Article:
ECM: So, how long from when you saw that newspaper article to when you finished the book? How long start to finish?
SARA GRUEN: I think roughly a year.
ECM: Even with interruptions, that was pretty quick.
This interview confirms the NaNoWriMo connection.
It's a short discussion between Chris Baty, founder of NaNoWriMo, and Sara Gruen, recorded in 2008 as part of WrimoRadio. The interview proper runs from the 3 min. to the 7 min. mark. The following begins at 3:13.
Baty: ... How does NaNoWriMo fit into your novelling process?
Gruen: I use it as a method of getting down a huge chunk of words to work with. And, really, they're not very good quality when I finish but, um, but that's what the whole editing process is for. You leave the editing behind when you're doing NaNo and then you go back afterwards and fix it, and usually I'm left with a big pile of clay and you [unclear - possibly "can" or "kind of"] mold it from there.
Baty: How many years have you participated in NaNoWriMo?
Gruen: You know, this last year has been such a, a blur that I'm, I'm not sure how many years it was. I skipped one, but I've done three NaNo books so I guess it would be four years. And this year I'm skipping because I'm finishing my last year's NaNo book [Ape House] which I guess goes to some degree to answer your last question, which is, I spend the next year completing it and making it better and making it decent enough.
The link to the interview is dead, but it seems legit. I guess people use Nano in different ways.
“The wonderful thing about NaNoWriMo is that it gives you something to edit. Because the only thing you can’t edit is a blank page,” Gruen said.
Non-Sequitur under the title
Why does it need to be stated that the book is not a sequel to Like Water for Chocolate? They both have "Water for" in their titles but their subject matter couldn't be further apart. Just because one user was confused, there is no reason for an explanation to be on this page. It looks silly. The Star Wars page does not have a section saying that it is not a sequel to Star Trek. Gwenlorraine (talk) 14:55, 23 April 2011 (UTC)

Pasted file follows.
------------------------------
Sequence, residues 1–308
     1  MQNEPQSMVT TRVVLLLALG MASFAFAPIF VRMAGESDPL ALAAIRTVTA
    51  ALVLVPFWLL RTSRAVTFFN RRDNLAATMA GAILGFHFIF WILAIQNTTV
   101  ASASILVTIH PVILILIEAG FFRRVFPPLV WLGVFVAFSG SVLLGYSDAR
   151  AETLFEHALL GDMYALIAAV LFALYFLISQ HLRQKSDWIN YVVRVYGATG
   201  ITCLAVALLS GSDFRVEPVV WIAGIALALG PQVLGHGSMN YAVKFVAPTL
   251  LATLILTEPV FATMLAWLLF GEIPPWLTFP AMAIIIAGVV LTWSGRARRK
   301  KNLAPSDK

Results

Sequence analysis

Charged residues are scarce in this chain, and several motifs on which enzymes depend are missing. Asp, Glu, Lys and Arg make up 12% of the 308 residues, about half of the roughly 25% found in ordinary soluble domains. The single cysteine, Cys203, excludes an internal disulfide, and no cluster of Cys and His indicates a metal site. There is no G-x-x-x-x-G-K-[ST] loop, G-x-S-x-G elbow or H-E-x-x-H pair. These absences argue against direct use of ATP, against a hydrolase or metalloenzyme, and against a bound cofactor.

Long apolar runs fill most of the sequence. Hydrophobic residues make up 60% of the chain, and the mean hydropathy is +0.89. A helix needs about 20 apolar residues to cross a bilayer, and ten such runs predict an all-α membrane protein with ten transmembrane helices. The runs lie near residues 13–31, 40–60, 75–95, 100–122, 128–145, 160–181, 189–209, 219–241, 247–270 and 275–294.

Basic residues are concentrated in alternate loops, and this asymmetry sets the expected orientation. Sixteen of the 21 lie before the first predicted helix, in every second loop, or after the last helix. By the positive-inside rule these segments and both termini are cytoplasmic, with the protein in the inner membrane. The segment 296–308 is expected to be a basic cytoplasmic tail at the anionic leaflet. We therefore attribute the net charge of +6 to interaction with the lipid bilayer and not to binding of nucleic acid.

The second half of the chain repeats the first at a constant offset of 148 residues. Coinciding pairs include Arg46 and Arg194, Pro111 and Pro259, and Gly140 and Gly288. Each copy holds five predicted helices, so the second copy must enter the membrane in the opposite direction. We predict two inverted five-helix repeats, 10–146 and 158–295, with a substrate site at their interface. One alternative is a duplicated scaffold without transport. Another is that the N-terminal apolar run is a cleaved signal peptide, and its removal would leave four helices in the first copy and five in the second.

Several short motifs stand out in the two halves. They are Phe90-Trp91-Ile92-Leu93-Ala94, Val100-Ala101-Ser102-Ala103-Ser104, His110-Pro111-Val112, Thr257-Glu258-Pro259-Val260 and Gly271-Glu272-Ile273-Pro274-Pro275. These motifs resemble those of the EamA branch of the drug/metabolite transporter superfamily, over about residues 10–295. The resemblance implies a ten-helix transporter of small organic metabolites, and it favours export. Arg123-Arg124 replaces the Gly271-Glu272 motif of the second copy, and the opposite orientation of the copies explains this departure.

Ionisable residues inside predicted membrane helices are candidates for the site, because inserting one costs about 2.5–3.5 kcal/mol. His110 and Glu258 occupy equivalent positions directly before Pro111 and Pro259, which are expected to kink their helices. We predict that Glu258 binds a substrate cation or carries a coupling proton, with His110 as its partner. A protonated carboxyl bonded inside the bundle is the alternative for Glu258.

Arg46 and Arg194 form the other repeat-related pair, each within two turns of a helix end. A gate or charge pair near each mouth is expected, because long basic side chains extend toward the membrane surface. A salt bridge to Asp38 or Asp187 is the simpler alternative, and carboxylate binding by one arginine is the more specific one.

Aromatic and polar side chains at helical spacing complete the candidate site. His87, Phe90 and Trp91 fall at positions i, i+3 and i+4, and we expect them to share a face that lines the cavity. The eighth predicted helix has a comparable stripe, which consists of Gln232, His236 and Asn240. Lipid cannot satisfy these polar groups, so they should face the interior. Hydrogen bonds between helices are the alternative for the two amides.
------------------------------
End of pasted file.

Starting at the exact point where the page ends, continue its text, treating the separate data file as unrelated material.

- You're right..."The circus came to town, so to the circus I went/I didn't have a nickel, didn't have a cent/The man said, 'Son, to see the show without a cent/You'll have to carry water for the elephants.'" --jpgordon::==( o ) 20:19, 23 April 2011 (UTC)
When I saw the movie I had a strong sense of deja vu, to the extent of knowing the story line. I have not read the book and feel I saw the movie years ago, yet it's a new release. Was there a TV film or some other earlier version? —Preceding unsigned comment added by 188.8.131.52 (talk) 15:07, 8 May 2011 (UTC)
The article says "Also, photos of actual circuses and circus performers of the time are included throughout the book.". I've seen two different paperback versions in the UK and neither contained any photographs. Was this only in certain edition, only in the US? 184.108.40.206 (talk) 17:32, 3 July 2011 (UTC)
- I thought this was the case as well (mine and my mother's copy are both photo-less), but the "see inside the book" preview on B&N shows at least one – and a reviewer refers to them "enhancing the sensual prose" or some such cockamamie – so I'm inclined to believe they added the photos in later re-printings after the book got really popular. Removing the Disputed tag accordingly. FoxAndRavens (talk) 18:04, 26 August 2011 (UTC)
Spoiler alert needed
There should be a spoiler alert before the plot summary. This is a very exciting story with twists to the very end, and I feel the reader would really miss out by knowing exactly what is going to happen.